A multidisciplinary team of researchers from the University of California, Irvine has created a new biochip that can help study tumour heterogeneity to reduce resistance to cancer therapies.
What is tumour heterogeneity?
Tumour heterogeneity describes the observation that tumour cells can show distinct morphological and phenotypic profiles, including cellular morphology, gene expression, metabolism, motility, proliferation, and metastatic potential. This phenomenon occurs both between tumours and within tumours. This is a major problem as it increases resistance to cancer therapies.
The team combined AI, microfluidics and nanoparticle inkjet printing into this device which can examine and differentiate cancers and healthy tissues at the single-cell level.
A paper describing this device appeared recently in Advanced Biosystems journal. Kushal Joshi, a former UCI graduate student in biomedical engineering is the lead author of the paper.
“Cancer cell and tumour heterogeneity can lead to increased therapeutic resistance and inconsistent outcomes for different patients,” said Kushal Joshi. As mentioned above as well, this is a major problem which the team set out to solve with their biochip.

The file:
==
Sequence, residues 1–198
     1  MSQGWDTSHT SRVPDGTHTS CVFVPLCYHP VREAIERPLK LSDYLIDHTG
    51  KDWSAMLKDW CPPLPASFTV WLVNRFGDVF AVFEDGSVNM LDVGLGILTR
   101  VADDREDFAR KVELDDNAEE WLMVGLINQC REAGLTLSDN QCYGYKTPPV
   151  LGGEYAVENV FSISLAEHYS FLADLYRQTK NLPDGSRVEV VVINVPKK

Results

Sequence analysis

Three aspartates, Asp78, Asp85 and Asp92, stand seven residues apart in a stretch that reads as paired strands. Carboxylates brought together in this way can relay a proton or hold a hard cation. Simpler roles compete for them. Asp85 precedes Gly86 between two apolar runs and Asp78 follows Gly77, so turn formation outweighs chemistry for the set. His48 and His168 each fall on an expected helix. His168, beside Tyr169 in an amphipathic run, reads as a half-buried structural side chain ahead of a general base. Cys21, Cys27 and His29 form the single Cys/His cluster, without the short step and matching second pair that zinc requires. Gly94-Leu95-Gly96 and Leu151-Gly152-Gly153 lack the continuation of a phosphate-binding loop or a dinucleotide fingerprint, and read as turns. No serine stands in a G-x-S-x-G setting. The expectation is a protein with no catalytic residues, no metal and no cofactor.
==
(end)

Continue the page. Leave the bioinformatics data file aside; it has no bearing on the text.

“Single-cell analysis is essential to identify and classify cancer types and study cellular heterogeneity. It’s necessary to understand tumour initiation, progression and metastasis in order to design better cancer treatment drugs,” said co-author Rahim Esfandyarpour, UCI assistant professor of electrical engineering & computer science as well as biomedical engineering.
As you might have understood, we need to do single-cell analysis to study cellular heterogeneity. The problem is that the techniques and technologies traditionally used to study cancer are sophisticated, bulky, expensive, and require highly trained operators and long preparation times.“
The team overcame this problem by combining machine learning with accessible inkjet printing and microfluidics technology to develop low-cost, miniaturized biochips that are simple to prototype and capable of classifying various cell types. The innovation was getting a way to prototype key parts of the biochip in about 20 minutes with an inkjet printer, allowing for easy manufacturing in diverse settings.
Coming to the working of the apparatus, samples travel through microfluidic channels with carefully placed electrodes that monitor differences in the electrical properties of diseased versus healthy cells in a single pass.
Kushal Joshi, Alireza Javani, Joshua Park, Vanessa Velasco, Binzhi Xu, Olga Razorenova, Rahim Esfandyarpour. A Machine Learning‐Assisted Nanoparticle‐Printed Biochip for Real‐Time Single Cancer Cell Analysis. Advanced Biosystems, 2020; 2000160 DOI: 10.1002/adbi.202000160
Press Release: University of California – Irvine